Simmonds notched his 100th goal Saturday in LA.

Following last weeks dominating 5-0 performance over a short-handed Red Wings club in Philadelphia, the Flyers knew a daunting task stood in their way of solidifying a playoff spot before the impending Olympic break: a California road trip.  Years ago, taking on the likes of the Ducks, Kings, and Sharks would’ve been a cakewalk; but times have changed.  It’s now a murderers row of the NHL elite.  And tonight is the final stanza against a struggling, but dangerous Sharks squad.

Many pundits gave the Flyers no chance heading into Thursday’s showdown with the league-leading Anaheim Ducks, and despite the loss, the orange and black showed they’re no pushovers when it comes to battling the elite.  They ended up losing 5-3, but that score in somewhat misleading in how competitive the game really was.

Next up was a Saturday matinee with the LA Kings, arguably the best defensive team in hockey.  Fortunately for the Flyers, this Kings club seems impervious to scoring goals and it showed.  Los Angeles absolutely dominated ice position and shots on goal (almost a 3 to 1 margin), but Steve Mason put together a stellar performance.  And despite the Flyers managing only 13 shots on Olympian and former Conn Smythe winner Jonathon Quick, they managed to get two past him.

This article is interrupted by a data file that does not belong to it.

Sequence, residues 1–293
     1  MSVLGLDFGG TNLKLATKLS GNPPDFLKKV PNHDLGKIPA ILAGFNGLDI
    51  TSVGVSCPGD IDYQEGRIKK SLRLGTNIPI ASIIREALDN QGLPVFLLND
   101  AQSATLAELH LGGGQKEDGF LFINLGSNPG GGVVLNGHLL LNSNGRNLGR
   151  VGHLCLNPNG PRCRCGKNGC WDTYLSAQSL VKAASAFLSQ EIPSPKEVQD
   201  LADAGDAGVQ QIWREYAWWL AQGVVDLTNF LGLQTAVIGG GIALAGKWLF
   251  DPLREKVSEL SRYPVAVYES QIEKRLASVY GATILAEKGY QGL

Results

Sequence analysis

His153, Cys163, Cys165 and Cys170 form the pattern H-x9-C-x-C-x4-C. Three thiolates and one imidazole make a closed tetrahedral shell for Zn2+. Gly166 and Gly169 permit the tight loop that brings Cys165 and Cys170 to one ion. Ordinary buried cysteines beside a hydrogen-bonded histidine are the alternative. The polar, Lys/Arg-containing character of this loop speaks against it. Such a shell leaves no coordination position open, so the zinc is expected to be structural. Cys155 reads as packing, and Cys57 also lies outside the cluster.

Wayne Simmonds, making his first return to LA since the Richards trade, was all over the ice.  And #17 fittingly scored his 100th career goal and eventual game winner.  Simmonds, who has become a huge part of the Flyers future, was even wearing the “A” on his jersey (in place of an injured Timonen), showing just much he’s grown into an integral piece of this organization.  Giroux added a late Power Play goal with around two minutes remaining to secure the much needed win.

Tonight the Flyers move on to San Jose to take a very dangerous team.  The Sharks boast plenty of skill both up front and on the blueline; not to mention in net with Antti Niemi (who most will remember beat the Flyers in the Stanley Cup as a member of Chicago).  With a packed Metropolitan division it would be a huge boon to take two out of three on this gauntlet of a west coast road trip.  If the orange and black play defensively the way they have over the past week then there’s a significant chance Philadelphia can continue gaining ground in the extremely tight Metropolitan.